University of Nevada, Reno political science professor Eric Herzik says party officials should forget about unmasking Democrats and work on organizing on behalf of Republicans.

"I don't think the Democrats have to be that devious. The Republicans are doing this to themselves," Herzik said. "If they just start targeting anybody who once was a Democrat, this becomes almost like a truth commission."

If the county party doesn't regain focus, Herzik says it could spell trouble for candidates in upcoming elections.

"If the Clark County Republican Party isn't working to get people elected because they have to fix all these administrative and fiscal problems, they are essentially sitting out this race," Herzik says. "The party is the offensive line. And if they don't block, the star candidate gets tackled for a loss."

GOP consultant Ryan Erwin says disorganization at the county level will hurt candidates for midlevel offices the most. Erwin is a consultant to Senate candidate John Chachas, congressional candidate Joe Heck and Lt. Gov. Brian Krolicki.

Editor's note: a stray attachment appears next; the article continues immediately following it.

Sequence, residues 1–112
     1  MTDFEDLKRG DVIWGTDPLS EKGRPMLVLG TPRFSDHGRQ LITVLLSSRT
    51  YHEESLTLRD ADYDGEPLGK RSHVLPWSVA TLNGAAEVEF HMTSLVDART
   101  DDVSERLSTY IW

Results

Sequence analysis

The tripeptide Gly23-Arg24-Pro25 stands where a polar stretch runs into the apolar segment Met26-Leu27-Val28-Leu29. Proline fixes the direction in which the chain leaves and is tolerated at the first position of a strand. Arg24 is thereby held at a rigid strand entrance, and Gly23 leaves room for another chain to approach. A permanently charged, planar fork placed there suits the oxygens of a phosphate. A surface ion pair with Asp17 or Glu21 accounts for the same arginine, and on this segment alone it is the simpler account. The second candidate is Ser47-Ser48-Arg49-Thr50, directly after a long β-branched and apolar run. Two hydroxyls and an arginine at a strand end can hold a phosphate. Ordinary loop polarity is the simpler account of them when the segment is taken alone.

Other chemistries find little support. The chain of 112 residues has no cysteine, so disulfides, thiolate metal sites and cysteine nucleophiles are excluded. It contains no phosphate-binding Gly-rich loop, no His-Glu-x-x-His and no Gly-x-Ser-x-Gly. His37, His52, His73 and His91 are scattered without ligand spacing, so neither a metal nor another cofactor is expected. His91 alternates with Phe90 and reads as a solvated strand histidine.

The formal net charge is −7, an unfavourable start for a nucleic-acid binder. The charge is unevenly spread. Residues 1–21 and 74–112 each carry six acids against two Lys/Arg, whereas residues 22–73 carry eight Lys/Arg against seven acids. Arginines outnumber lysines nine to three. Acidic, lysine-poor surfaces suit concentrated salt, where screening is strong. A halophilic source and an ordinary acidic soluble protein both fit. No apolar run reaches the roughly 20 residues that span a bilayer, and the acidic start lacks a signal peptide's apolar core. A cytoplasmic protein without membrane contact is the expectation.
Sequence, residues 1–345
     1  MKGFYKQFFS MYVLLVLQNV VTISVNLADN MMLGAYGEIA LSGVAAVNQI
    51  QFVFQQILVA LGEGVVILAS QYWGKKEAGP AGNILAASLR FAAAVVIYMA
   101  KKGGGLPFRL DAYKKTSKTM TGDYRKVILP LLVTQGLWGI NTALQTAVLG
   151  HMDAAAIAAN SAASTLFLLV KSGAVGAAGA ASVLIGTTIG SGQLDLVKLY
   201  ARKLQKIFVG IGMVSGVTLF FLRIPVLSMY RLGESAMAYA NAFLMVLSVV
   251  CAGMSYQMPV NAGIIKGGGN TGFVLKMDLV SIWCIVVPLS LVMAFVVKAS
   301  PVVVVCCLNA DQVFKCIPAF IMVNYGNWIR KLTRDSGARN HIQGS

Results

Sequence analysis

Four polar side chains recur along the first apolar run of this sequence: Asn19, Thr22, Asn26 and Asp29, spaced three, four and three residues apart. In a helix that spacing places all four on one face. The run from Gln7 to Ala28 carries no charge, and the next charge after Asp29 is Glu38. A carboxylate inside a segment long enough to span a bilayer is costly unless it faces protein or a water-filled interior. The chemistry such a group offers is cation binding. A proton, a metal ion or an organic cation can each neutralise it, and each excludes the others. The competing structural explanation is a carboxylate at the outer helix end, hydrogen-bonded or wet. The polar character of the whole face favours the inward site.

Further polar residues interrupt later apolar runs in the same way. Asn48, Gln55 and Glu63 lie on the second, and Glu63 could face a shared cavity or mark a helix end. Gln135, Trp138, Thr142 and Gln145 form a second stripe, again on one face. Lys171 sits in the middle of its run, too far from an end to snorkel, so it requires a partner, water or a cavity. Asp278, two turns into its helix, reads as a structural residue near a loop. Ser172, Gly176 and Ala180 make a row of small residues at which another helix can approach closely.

He says candidates for high-profile offices such as U.S. Senate and governor will raise enough money and attention to do their own organizing. And candidates for low-profile jobs such as Assembly can cover enough ground on their own to get elected, he said.

But candidates for offices that require statewide reach but don't generate much fundraising, such as treasurer or controller, need all the help they can get from the party apparatus.

Erwin says candidates for controller and treasurer "can't hit enough doors to matter and ... don't have enough money to get on TV. A party operation allows those candidates to sink or swim."

Still, Erwin says it is possible for a county-level organization to turn its fortunes around fast, meaning 2010 isn't necessarily a lost cause for the Clark County Republicans.

"If it is not operational in four months, then I'll be worried," he said.

Contact reporter Benjamin Spillman at or 702-477-3861.